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Scope of Work: The Right Team on the Right Business

Aligning marketing, agencies and procurement through better Scope of Work management


1. Why is the Scope of Work process so important?

As with other professional services categories the Scope of Work process is becoming ever more important in managing marketing spend. A well-controlled Scope of Work program is an integral part of a robust framework for planning and communication between client and agency.


Re-published 3 April 2020


1. Why is the Scope of Work process so important?

As with other professional services categories the Scope of Work process is becoming ever more important in managing marketing spend. A well-controlled Scope of Work program is an integral part of a robust framework for planning and communication between client and agency.

The Scope of Work / Scope of Service process (referred to generically as SOW in this document) generates a wide range of benefits.

• It allows the client to accurately define the expected outcomes, service and work that are to be performed. And, just as importantly, it articulates what work will not be performed.

• This provides the agency with a clear way in which to review the projected workload and priorities. The agency can use this to suggest the appropriate resources that should be applied to fulfill the work.

• Finally it provides procurement and finance departments a lens with which to view the fees in a balanced and appropriate manner.


2. Optimizing Spend

The key outputs of the agency are driven by talented and creative people applying their skills to produce deliverables across a range of initiatives and projects. But with all the current discussion on how the agency should be paid, it is easy to lose sight of why the agency is being paid and for what. Indeed by viewing your SOW program as a core strategic driver in your marketing organization, centralizing, standardizing and streamlining the processes around it will provide dramatic improvements in both supply management efficiency and marketing effectiveness.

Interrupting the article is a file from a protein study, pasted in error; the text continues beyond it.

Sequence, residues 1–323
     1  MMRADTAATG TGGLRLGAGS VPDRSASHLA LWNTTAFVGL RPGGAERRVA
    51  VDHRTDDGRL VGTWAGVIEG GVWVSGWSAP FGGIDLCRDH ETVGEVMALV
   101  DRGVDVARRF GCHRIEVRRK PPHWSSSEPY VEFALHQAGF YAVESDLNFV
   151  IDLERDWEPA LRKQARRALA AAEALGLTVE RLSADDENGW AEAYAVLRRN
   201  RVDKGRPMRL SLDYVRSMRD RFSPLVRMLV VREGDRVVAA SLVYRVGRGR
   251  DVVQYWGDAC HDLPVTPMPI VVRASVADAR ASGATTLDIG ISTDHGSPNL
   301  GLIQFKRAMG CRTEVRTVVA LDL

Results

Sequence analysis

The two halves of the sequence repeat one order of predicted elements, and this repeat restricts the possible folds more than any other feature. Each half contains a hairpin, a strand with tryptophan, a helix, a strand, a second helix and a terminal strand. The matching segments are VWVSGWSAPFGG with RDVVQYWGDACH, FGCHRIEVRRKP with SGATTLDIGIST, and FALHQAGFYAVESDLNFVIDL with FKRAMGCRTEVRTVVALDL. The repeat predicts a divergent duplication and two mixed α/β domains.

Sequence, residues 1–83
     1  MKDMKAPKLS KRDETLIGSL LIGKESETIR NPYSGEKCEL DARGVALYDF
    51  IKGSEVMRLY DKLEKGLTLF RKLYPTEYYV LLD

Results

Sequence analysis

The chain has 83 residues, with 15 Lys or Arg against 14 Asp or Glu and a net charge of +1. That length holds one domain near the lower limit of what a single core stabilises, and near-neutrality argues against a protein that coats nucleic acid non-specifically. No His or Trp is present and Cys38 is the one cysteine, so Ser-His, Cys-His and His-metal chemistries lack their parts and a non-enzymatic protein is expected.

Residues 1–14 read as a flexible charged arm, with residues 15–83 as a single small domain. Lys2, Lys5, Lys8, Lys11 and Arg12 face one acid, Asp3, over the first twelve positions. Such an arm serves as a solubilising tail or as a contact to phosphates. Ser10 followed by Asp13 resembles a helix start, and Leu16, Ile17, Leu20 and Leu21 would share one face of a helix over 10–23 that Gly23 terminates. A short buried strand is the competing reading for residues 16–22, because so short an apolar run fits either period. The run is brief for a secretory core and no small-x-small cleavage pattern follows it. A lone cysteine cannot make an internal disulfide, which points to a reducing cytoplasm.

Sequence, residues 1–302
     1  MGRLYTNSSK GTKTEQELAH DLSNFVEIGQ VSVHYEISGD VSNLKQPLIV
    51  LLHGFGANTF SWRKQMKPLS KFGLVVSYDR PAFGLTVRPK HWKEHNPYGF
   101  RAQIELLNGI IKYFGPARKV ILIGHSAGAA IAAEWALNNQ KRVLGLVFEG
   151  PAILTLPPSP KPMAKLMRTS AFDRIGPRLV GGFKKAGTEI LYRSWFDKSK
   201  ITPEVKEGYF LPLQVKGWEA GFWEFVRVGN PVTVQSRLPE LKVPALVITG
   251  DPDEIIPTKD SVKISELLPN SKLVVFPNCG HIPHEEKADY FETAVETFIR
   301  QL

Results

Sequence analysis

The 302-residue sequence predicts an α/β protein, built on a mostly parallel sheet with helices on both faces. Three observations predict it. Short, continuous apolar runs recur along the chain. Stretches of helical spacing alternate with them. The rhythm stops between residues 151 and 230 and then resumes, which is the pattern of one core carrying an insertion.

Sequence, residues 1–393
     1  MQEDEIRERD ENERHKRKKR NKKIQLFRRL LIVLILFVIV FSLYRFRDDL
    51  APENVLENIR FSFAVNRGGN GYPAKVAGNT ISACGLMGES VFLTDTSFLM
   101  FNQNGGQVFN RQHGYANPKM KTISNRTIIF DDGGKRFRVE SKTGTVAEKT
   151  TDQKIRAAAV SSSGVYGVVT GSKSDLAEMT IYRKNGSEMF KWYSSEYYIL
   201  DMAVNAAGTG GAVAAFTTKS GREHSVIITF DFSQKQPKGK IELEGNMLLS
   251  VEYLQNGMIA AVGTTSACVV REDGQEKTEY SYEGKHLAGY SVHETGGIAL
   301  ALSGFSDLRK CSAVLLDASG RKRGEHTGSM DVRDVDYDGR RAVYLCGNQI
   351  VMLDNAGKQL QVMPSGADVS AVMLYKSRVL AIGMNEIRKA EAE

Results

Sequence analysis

One of the clearest messages heard from leading advertisers is that the objective for a better SOW and compensation process is not to reduce the actual amount of money that is going out the door. Indeed for most enterprises, marketing spend is seen as an investment in growth rather than a cost center. So the primary driver is normally to ensure optimal spend of the allotted budget.


“I want to make sure that the right team is working on the right business at the right time”.


In this message there are two aspects to consider.

• Firstly defining what the right business and right time are—this is the responsibility of the client.

• Secondly defining the right team—this is the responsibility of the agency.

For new business, a well-defined SOW makes sure that an agency that has just won a new account keeps appropriate focus after the pitch process.


“This is one of the biggest stumbling blocks in contractual relationships. The service providers nominate the cream of their resources (The A Team) in their offers, and when the relationship is formed, the B Team walks in!”


Another common misconception around the “right team” is that this means the agency needs to apply its most experienced (and most expensive) resources to every part of the client’s business.